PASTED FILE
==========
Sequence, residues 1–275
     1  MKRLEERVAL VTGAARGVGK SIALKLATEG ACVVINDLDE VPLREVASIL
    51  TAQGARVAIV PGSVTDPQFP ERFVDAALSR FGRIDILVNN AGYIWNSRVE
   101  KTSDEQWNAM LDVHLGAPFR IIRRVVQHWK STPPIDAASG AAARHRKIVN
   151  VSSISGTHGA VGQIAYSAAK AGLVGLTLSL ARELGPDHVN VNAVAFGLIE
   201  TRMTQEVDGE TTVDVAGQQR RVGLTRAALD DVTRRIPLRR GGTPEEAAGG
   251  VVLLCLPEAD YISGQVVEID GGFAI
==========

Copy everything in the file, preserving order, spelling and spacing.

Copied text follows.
Sequence, residues 1–275
     1  MKRLEERVAL VTGAARGVGK SIALKLATEG ACVVINDLDE VPLREVASIL
    51  TAQGARVAIV PGSVTDPQFP ERFVDAALSR FGRIDILVNN AGYIWNSRVE
   101  KTSDEQWNAM LDVHLGAPFR IIRRVVQHWK STPPIDAASG AAARHRKIVN
   151  VSSISGTHGA VGQIAYSAAK AGLVGLTLSL ARELGPDHVN VNAVAFGLIE
   201  TRMTQEVDGE TTVDVAGQQR RVGLTRAALD DVTRRIPLRR GGTPEEAAGG
   251  VVLLCLPEAD YISGQVVEID GGFAI